This means that scriptures are not questioned, and blanks are filled in where there seems to be glaring inconsistencies in the text or where the prophecy is yet unfulfilled. This has resulted in Christians believing that Jews are God’s chosen people, gentiles are grafted into the promise of God, and the land of Israel belongs to the Jews as promised to them by God. Furthermore, it is argued that not only does the land belong to the Jews, but Jews must be repatriated for Jesus to return, and then Jesus will judge the righteous and unrighteous, and Jews must recognize Jesus as the Christ so that the promise of the reign of God can be fulfilled.  In general, this is known as Christian Zionism, and Christian Zionism is a distortion of scripture used for advancing a colonial Zionist state in Palestine.

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Conjuring Freedom

From Johari Jabir’s Conjuring Freedom: Music and Masculinity in the Civil War’s “Gospel Army” (2017).

Conjure is the black cultural practice of summoning spiritual power as an intentional means of transforming reality and involves a belief in an invisible magical power that can be used for healing and/or harm…

…For soldiers in black regiments during the Civil War, freedom was not simply found, it had to be forged. They found themselves forced to conjure freedom out of the materials made available to them as soldiers who had been slaves but were not yet citizens. In much the same way that the coping religion of the slaveocracy became transformed into the enabling religion of the slaves, the forms of soldiering and citizenship made available to former slaves that were designed to assimilate them into a masculinist hierarchical, exploitative, and racist society became something else in practice. These tools of domination became conjured into new forms of masculinity, solidarity, and social membership that promoted democratic and egalitarian change in society at large. Just as conjurers healed the slave body with a mixture of efficacious materials, newly free Africans in America attempted to heal the body politic and cure society’s ills through a tradition of organized protest with musical accompaniment that expressed alternate social visions of democracy.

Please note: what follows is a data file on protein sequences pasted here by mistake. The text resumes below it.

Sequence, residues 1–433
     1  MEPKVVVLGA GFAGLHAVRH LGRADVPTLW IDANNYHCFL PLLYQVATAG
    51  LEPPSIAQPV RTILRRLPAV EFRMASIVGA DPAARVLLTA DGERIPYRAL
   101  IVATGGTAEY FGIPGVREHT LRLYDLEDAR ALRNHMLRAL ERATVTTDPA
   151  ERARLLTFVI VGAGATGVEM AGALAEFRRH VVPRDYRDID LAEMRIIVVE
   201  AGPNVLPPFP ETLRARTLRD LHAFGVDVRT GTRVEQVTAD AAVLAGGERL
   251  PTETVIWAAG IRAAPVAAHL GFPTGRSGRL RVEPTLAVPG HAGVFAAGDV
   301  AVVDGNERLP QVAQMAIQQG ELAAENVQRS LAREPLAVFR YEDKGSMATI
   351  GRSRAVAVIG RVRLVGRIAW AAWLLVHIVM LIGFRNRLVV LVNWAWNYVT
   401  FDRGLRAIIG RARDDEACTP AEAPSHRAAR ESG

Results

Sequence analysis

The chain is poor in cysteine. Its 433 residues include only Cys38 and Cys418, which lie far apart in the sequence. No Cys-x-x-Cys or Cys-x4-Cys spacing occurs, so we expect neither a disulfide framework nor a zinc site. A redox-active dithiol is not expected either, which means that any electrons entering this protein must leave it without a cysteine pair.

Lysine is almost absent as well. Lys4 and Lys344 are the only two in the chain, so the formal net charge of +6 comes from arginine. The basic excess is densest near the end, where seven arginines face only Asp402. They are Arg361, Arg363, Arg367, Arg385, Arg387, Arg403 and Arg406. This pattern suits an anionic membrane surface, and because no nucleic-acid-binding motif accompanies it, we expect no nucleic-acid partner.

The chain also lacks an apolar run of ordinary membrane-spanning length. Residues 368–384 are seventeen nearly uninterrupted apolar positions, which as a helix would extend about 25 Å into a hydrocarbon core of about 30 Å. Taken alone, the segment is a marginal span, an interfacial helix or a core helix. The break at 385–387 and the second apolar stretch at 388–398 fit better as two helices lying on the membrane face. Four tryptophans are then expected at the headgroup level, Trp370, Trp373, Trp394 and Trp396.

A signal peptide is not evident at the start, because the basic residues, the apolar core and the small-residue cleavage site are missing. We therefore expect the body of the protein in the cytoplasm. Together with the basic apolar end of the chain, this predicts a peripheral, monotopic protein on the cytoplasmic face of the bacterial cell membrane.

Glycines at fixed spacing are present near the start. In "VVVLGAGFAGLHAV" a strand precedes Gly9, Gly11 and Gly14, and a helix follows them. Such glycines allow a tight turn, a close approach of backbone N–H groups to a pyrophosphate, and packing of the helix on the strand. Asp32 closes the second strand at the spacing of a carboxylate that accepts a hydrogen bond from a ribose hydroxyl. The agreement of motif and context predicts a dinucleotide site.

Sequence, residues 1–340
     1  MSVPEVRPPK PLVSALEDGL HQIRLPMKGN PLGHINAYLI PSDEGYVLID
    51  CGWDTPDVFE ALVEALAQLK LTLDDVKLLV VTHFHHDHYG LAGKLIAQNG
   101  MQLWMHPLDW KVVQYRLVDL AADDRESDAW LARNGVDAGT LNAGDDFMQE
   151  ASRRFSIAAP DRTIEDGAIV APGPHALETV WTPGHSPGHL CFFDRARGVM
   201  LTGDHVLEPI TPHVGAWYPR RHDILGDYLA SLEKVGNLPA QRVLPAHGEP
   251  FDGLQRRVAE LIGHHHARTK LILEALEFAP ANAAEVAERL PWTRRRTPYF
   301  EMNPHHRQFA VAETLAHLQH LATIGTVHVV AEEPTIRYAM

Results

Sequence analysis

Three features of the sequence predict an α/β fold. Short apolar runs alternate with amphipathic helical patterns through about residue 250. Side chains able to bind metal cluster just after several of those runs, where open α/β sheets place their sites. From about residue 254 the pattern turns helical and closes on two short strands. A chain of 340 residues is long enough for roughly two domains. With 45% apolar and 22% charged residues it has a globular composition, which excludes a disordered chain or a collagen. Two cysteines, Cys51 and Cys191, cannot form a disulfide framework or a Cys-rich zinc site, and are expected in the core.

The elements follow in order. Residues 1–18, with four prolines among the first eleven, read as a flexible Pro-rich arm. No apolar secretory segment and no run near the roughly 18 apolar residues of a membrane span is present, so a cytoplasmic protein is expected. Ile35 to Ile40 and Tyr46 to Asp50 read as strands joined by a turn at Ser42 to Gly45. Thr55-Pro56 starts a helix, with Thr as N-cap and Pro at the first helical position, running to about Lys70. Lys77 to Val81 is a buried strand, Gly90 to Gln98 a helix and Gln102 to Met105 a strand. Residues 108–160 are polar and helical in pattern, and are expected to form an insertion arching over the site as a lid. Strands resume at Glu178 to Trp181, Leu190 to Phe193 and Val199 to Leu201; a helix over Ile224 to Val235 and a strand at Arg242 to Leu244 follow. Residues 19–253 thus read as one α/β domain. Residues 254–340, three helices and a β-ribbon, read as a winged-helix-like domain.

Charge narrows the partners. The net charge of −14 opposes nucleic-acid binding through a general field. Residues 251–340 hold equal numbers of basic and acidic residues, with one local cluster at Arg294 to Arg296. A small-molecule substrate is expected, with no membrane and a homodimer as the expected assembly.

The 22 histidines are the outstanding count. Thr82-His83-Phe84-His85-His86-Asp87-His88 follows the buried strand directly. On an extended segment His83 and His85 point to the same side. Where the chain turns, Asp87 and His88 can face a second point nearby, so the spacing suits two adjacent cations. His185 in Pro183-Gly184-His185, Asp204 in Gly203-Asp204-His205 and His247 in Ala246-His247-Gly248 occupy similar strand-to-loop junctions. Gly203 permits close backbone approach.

The State of Black America

A Message from The Movement for Black Lives.

Hello Community,

With the State of Black America coming up soon, we want to preview one of many important topics we’ll address: education and organizing in the pandemic.